This is David Greig’s version of Albert Camus’ Caligula and a finely-scripted play indeed. The existential arguments are made very clear – always a help to those of us perhaps not that versed in such matters – and KCS Theatre Company (from King’s College School, Wimbledon) delivers a skilled and highly entertaining production.
Caligula has lost his beloved sister and the world no longer has meaning for him. He becomes obsessed with logic and taking logical argument to the most extreme form possible in his life “at all costs”. Unfortunately for all, he is the emperor and his life affects everyone else’s, from his mistress forced to act as cruelly as he orders, through the devoted friend trying desperately to understand him, the senators he humiliates, tortures and decimates, and on to the ordinary people who suffer when he makes such decrees as “a famine starts tomorrow”, with the closure of the state’s grain stores.
This Caligula who “turns philosophy into corpses” is splendidly played by a young actor who commits fully to the ideas, humour and extremes of the character and play, both physically and vocally, while displaying excellent timing and interpretation. His mistress, his “last witness”, is played with an understated subtlety that brings genuine feeling to the role and connection to the audience, while the philosophic writer who is Caligula’s nemesis grabs attention and makes good sense of the arguments involved. Others hold their own on the stage with mixed success, but the direction moves action along smartly and with great style.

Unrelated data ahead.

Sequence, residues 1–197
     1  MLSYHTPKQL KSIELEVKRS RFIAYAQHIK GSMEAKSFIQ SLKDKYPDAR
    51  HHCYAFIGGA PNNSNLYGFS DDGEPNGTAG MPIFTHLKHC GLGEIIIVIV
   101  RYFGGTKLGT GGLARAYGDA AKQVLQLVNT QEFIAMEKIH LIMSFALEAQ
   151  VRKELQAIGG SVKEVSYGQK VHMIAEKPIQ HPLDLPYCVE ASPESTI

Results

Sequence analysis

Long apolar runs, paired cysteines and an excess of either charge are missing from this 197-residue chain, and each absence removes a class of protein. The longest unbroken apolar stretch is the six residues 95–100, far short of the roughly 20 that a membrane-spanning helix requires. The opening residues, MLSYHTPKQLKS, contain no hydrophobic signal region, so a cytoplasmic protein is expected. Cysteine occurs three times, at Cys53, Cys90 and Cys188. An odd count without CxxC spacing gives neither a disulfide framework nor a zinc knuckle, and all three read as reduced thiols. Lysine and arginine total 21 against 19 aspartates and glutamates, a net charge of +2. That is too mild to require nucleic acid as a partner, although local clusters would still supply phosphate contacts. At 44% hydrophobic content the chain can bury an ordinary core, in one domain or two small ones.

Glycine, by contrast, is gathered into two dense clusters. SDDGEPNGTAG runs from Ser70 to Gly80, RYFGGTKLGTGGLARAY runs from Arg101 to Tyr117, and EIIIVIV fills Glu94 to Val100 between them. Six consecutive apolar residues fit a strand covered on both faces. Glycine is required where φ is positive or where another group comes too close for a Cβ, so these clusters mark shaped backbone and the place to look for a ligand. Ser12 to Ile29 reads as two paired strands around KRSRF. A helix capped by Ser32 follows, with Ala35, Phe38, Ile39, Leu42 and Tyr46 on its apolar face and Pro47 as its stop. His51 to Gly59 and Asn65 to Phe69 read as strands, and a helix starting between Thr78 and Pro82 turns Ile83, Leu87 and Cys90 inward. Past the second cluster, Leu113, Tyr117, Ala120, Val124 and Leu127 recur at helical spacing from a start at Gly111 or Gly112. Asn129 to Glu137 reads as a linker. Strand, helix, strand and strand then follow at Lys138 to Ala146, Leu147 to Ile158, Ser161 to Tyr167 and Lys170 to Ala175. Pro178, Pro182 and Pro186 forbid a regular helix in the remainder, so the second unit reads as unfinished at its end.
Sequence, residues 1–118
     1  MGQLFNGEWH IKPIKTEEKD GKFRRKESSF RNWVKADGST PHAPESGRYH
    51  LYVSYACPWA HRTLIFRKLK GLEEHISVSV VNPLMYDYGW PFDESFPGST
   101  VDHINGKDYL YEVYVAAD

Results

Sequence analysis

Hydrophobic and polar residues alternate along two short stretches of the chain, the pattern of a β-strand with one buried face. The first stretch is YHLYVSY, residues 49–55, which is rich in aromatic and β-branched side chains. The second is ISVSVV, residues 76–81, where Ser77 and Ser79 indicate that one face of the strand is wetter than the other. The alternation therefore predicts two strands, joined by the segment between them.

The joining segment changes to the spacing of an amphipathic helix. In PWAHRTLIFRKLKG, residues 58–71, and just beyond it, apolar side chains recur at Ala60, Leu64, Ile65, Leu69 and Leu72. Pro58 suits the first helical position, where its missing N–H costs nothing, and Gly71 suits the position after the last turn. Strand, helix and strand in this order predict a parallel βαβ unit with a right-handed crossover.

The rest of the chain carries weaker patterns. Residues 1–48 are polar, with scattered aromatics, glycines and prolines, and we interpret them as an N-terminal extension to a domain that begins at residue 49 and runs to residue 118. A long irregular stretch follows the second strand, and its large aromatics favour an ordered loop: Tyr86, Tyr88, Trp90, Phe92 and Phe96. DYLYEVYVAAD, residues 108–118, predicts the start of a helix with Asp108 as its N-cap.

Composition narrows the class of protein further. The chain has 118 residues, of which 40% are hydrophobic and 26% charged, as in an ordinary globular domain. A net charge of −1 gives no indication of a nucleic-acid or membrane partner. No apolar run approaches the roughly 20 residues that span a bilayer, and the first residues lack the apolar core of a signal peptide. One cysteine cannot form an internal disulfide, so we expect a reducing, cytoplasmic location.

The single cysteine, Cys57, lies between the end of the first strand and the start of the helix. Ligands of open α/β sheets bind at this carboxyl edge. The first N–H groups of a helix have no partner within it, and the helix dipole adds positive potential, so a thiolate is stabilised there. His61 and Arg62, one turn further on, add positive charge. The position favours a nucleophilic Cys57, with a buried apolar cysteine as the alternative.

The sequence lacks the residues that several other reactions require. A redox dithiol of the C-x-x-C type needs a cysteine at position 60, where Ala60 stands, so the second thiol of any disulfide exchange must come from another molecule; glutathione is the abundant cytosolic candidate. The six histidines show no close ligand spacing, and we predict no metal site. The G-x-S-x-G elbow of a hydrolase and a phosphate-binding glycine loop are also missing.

Two mirrors, which can be lit to show characters behind them, are put to set use well, though they do not reflect floor action early enough, so that some scenes are slightly obscured when played on the floor despite raked seating. Music and sound effects heighten scene setting and emotion with well-chosen placement and meaning, and costume is both modern and ancient – suits with draped material, leather and grecian dresses – in a way that is surprising but apt. Physical illustrations of time passing and political manoeuvrings are clear and effective, as is lighting that is Fringe basic yet still specific.
There is a real sense of thought, effort, ability and understanding running through this production, with a fair amount of impressive talent on show and direction that keeps pace, energy and attention at full throttle throughout. KCS Theatre Company’s Caligula will have you laughing, shocked, disgusted, concerned, caring and despairing as well as, quite possibly, almost convinced by this supposedly ‘mad’ emperor’s reasoning. And there are any amount of hilariously spiked one-liners to entertain and disconcert modern society and politicians too.
By Danielle Farrow
14 – 20 August, 15:15 (16:30) @ C Venues – C